THE last in the series of autumn/winter lectures of Shannon and Clare Archaeological and Historical Societies will be held next Wednesday night at the Oakwood Arms Hotel at 8pm and the subject will be the Dúchas na Sionna oral history project on the town.
This project is entitled Between Old World and New World and was prepared by Olive Carey.
Speaking about the oral history, Ms Carey said, “We started in March 2011 and we launched the report in June of last year. What it involved was researching anything that had been written about Shannon before and conducting the interviews with the earliest residents of Shannon.”
In all, around 40 interviews were conducted and next Wednesday night there will be excerpts played from six of them.
Regarding the six excerpts to be used, Ms Carey said, “It’s divided between people who were here before the town was built and then some from people who came right at the very beginning of the town. It’s to kind of give an overview of what life was like for people living in this area before the town and then the start of the town itself.”
On those who were living locally prior to the development of the town, she said, “What was interesting from the people who were here before the town was the very traditional way of life that was being lived in the area at the time and also the connection to the airport, which was quite strong. A lot of the people who were living in the area and who were farming also worked at the airport and had strong connections there.”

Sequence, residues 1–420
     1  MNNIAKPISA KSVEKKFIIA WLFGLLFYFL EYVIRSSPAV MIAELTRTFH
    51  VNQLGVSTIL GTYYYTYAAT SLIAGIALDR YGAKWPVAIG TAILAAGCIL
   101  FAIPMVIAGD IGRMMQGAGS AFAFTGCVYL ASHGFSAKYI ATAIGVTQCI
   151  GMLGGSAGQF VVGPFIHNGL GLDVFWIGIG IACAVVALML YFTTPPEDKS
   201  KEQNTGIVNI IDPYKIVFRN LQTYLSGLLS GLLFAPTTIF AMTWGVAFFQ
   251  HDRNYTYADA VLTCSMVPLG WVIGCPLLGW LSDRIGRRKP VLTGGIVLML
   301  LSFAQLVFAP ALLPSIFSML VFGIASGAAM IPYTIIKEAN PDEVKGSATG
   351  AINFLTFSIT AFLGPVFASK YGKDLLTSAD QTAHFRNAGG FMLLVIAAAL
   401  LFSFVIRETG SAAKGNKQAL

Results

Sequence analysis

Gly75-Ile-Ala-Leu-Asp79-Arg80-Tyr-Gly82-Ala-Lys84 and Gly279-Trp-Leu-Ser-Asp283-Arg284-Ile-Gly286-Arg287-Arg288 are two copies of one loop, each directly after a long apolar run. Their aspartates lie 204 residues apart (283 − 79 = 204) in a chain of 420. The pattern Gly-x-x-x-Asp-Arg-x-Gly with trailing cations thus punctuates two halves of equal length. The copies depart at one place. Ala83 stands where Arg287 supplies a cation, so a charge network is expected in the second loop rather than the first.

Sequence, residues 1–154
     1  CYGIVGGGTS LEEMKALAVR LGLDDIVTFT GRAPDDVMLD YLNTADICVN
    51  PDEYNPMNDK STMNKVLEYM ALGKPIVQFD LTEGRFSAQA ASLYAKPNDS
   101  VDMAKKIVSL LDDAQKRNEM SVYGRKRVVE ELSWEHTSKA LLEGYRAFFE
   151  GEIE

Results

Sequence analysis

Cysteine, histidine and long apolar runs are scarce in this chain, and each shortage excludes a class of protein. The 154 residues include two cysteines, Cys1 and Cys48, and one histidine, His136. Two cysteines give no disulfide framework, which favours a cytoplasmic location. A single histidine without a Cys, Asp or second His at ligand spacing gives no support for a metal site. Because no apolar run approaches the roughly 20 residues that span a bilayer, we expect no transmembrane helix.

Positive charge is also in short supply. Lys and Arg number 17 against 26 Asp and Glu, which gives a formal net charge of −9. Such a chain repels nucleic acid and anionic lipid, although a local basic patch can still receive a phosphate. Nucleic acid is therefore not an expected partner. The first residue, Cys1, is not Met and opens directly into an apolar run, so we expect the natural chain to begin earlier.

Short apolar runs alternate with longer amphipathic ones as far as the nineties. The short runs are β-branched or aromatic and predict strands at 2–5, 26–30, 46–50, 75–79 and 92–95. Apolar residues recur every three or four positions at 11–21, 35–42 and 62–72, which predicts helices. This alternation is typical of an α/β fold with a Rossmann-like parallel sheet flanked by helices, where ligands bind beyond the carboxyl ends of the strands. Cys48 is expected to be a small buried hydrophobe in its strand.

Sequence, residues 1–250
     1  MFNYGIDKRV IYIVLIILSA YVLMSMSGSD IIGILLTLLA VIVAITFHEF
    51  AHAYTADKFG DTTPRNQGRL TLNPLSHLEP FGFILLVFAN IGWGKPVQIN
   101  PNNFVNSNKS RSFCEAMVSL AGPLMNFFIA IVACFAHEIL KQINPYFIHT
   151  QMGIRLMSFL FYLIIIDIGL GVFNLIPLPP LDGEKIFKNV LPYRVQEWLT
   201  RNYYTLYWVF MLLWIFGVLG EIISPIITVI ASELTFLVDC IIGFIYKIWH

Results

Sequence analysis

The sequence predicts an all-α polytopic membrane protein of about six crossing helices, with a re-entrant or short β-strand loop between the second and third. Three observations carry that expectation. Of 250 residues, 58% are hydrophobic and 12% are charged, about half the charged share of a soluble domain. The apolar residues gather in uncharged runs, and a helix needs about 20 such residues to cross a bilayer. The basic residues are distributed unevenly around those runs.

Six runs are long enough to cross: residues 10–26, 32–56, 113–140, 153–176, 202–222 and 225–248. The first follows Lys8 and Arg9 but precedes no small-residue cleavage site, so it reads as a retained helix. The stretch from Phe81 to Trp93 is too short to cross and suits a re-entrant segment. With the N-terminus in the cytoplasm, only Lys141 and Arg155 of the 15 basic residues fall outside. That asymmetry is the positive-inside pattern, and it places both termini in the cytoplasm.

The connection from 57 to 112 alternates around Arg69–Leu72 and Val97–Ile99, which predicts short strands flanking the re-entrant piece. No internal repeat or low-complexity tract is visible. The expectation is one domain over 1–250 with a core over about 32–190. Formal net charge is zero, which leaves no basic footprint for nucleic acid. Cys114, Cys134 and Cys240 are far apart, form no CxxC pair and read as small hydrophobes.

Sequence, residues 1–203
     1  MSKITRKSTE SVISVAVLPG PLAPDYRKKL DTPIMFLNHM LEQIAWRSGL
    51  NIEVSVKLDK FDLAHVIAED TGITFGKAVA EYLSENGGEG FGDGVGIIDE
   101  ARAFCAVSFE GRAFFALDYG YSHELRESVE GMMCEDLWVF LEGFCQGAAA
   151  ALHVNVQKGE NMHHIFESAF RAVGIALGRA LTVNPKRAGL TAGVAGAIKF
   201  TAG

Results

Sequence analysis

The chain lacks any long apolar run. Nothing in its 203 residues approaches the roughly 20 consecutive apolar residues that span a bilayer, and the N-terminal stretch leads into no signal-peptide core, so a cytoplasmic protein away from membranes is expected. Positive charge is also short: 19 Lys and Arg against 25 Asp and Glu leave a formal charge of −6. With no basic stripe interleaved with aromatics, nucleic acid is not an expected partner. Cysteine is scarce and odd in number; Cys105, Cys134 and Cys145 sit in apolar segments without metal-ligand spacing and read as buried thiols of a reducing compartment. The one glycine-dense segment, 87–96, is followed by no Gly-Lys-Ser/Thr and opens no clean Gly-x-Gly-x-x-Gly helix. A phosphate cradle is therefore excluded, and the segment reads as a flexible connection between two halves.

Regarding the early development of Shannon, she said, “In the earliest days of the town it was very pioneering. For the earliest people coming in there were very few facilities but there was a strong community spirit among what was a small community that would grow rapidly.”
She really enjoyed carrying out the research and is looking forward to next week’s event.
“I absolutely enjoyed doing it, I met incredible people, lovely people and I’m really looking forward to putting it out there again. We’ll also have some CDs of the report itself to sell on the night.”
Included in the social history are family memories of the War of Independence era, in particular about the holding of General Lucas at the Hastings Farmhouse, as well as other local safe houses. Also, accounts from the early days of Shannon paint a picture of just how unique building a new town from scratch was. As the first accommodation was built on Drumgeely Hill, the vision began to form of not just accommodation for workers but a proper town. The first schools, shops and church were built at Drumgeely, followed by the other residential areas and the town centre.
Wednesday night’s event will include memories of the last resident of Saint’s Island in the Shannon Estuary, the practice of going ‘An Cúirt’ and of a wartime First Communion treat. The experiences of some of the people who arrived from the North and from Chile, fleeing from conflict in their home places, are also explored.
By Owen Ryan